Death in Bee Land

Silent homes.

Silent homes.

Two of our hives died this winter. It’s so sad to see the tiny bodies. People complain about invasive species. Some of these people have hives. Yet honeybees are transplants from Europe. In fact, the Indians hated when they saw honeybees  because they knew the white settlers weren’t far behind. I guess sweet invaders are acceptable . . .

We Loved You, Bob White

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Our tiny friend Bob White (the quail) died today–one little bird that in the wild has less than a year life expectancy. He came in the spring and adopted our chickens as family, but we worried when he showed up one afternoon with a gash on his proud chest. Bob wouldn’t let me catch him then. He just scuttled around speaking in the opinionated voice he had. But with the cold yesterday he teetered my way and let himself be easily picked up. I hoped for the best and kept him bundled close to my heart and every so often he’d glance up with his dark eyes and coo as if whispering the last little secrets he had in the world. It’s a silly little bird, I know, but he charmed me all summer long. I’d taken to checking up on him with a flashlight at night in the coop. How can one small creature meant only for a brief life make life seem so sad when he’s gone?

Does it matter that he died in my hand greatly loved or that he did, in his bird way, speak his final words to someone who tried to understand him? Little deaths all around sometimes make life more unbearable than anything else.

http://www.allaboutbirds.org/guide/northern_bobwhite/sounds

Don’t even tell me you don’t sometimes want to use evil pesticides.

All the books say if you have great soil and manage weeds and plant the right varieties you can re-create the Garden of Eden. Well, sometimes I like to think our beautiful spot is pretty idyllic.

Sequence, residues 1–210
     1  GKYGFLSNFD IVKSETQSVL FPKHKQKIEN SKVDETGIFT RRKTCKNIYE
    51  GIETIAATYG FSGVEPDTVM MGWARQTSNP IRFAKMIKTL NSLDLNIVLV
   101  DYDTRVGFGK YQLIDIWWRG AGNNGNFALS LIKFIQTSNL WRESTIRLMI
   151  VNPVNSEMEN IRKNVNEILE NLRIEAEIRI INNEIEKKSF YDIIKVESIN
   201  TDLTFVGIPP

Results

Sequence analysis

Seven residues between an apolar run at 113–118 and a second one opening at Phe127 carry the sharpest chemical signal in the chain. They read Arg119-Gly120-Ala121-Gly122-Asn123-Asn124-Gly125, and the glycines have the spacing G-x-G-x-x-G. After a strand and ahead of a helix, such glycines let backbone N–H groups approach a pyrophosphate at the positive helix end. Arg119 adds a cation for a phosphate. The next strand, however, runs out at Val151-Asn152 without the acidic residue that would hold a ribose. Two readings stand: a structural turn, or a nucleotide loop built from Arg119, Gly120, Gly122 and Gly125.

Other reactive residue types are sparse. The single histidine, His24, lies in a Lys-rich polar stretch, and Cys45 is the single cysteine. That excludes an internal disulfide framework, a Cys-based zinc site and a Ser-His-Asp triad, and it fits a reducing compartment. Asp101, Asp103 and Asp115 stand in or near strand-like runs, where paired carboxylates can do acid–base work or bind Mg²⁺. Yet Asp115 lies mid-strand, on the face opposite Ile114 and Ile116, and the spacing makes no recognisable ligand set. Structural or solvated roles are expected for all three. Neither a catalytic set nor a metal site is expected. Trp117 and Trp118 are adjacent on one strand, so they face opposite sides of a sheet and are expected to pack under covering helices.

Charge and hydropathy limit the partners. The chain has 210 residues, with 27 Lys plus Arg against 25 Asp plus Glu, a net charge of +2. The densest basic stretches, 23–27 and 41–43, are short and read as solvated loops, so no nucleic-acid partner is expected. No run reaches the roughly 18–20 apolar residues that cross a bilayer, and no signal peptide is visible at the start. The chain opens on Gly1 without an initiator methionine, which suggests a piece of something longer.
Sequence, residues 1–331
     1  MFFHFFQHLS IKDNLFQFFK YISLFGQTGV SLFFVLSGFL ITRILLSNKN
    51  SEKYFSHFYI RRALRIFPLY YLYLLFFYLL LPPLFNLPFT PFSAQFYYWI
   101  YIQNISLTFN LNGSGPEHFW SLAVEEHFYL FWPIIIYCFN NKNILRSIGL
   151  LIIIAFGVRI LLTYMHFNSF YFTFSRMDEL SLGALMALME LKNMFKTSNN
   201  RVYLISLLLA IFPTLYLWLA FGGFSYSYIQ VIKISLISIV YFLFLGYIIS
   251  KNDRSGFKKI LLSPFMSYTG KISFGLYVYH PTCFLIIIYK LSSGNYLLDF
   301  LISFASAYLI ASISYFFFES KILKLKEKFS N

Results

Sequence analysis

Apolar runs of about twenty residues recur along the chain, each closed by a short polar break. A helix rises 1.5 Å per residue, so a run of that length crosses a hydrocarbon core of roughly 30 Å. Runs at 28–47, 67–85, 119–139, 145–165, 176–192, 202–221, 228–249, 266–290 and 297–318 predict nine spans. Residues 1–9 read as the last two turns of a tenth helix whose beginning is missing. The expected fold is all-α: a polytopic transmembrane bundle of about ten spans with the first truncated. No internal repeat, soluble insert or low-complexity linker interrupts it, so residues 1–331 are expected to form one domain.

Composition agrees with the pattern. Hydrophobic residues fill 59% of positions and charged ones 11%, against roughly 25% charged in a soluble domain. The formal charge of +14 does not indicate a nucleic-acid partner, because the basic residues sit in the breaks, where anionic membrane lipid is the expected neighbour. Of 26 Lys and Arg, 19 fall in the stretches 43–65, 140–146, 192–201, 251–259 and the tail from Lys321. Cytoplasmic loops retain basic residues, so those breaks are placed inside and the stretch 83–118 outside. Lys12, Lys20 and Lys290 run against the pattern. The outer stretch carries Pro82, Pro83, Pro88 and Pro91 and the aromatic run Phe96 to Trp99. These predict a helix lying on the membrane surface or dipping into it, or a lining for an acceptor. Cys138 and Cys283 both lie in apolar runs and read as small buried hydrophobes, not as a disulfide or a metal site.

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We’ve picked  fair crops of snap peas, string beans,  garlic and even a few beets. The Brussels sprouts are coming on . . .but out of the corner of my eye I see a bit of wilting on the pie pumpkins climbing over the cattle panel trellises that up to this point looked impressive. I ignore it, because that’s what I do sometimes.

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Finally when things get far gone and the evil music I hear as I walk by the pumpkins on the way to worming the goats gets to me and I take a real look.

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Can you see the little storm trooper of death? A squash bug happily laying millions (exaggeration maybe) of golden eggs of death which hatch into kind of cute bluish nymphs.

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My helper (farm kid) and I cut off as many destroyed leaves as we could with blue bugs crawling all over us and sprayed soap all over the little ones tip toeing over the pumpkins. I used the hard sprayer–so there you little creatures. I don’t care how cute you are,